Accession Number:

AD1099552

Title:

The End of an El Nino: A View from Palau

Descriptive Note:

Journal Article - Open Access

Corporate Author:

NAVAL RESEARCH LAB WASHINGTON DC WASHINGTON United States

Report Date:

2019-12-01

Pagination or Media Count:

14.0

Abstract:

The oceans response to the termination of the major 20152016 El Nino event was captured from moorings and gliders deployed near Palau as part of the Office of Naval Research Departmental Research Initiative Flow Encountering Abrupt Topography FLEAT. As the El Nino transitioned to neutral conditions in spring 2016, pulses of positive warm sea surface height anomalies SSHAs moved westward, deepening the thermocline and reaching Palau by the end of March. Observations collected nearly two months after the arrival of the warm water revealed intraseasonal oscillations ISOs with periods of similar to 30 days and vertical displacements of isotherms exceeding similar to 100 m in the deeper part of the thermocline. Arrival of these warm anomalies coincided with the disappearance of the eastward flow associated with the North Equatorial Countercurrent, and anomalously large meridional velocities 0.4 m s-1 and transports similar to 4-6 Sv over the Kyushu-Palau Ridge on the northern edge of Palau. The 120-day, high-pass-filtered, satellite-acquired SSHAs showed packets of westward moving waves with phase speeds of about 0.2 m s-1 at 8.625 degrees N, with horizontal wavelengths and periods of about 550 km and 30 days, respectively. These waves, which appear to originate in the western Pacific, fall within the characteristics of mode-1 and mode-2 Ross by waves. Similar SSHAs were found near Palau following previous El Nino events, suggesting that formation of intraseasonal oscillations is part of an oceanic response to the termination of El Nino. The transition from El Nino to neutral conditions can affect the coral ecosystem around Palau by creating anomalous circulation and strong thermal anomalies extending from the surface to bottom waters deeper than 150 m, far below the depth limit of coral growth in Palau.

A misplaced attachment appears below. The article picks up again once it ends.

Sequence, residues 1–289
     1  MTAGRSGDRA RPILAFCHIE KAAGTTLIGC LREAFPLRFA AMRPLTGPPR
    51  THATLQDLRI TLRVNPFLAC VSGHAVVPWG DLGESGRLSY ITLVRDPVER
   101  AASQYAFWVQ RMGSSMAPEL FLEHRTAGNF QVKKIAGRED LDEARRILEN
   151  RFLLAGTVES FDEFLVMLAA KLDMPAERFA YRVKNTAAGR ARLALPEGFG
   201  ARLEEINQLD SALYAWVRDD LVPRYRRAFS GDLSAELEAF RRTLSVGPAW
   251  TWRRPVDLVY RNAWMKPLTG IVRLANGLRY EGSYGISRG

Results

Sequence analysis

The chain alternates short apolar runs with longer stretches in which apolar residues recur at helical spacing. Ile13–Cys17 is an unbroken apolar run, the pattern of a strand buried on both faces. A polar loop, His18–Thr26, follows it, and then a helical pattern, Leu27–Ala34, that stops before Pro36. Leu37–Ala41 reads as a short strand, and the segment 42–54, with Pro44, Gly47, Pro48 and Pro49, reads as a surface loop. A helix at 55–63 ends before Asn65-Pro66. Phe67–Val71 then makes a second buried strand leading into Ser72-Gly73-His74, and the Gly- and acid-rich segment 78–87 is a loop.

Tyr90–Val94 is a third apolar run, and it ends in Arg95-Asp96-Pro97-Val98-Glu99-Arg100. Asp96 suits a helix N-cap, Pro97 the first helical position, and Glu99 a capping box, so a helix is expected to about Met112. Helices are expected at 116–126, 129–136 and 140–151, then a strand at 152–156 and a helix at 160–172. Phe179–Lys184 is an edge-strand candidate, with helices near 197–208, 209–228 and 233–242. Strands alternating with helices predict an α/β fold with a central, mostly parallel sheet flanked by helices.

Subject Categories:

  • Meteorology
  • Physical and Dynamic Oceanography

Distribution Statement:

APPROVED FOR PUBLIC RELEASE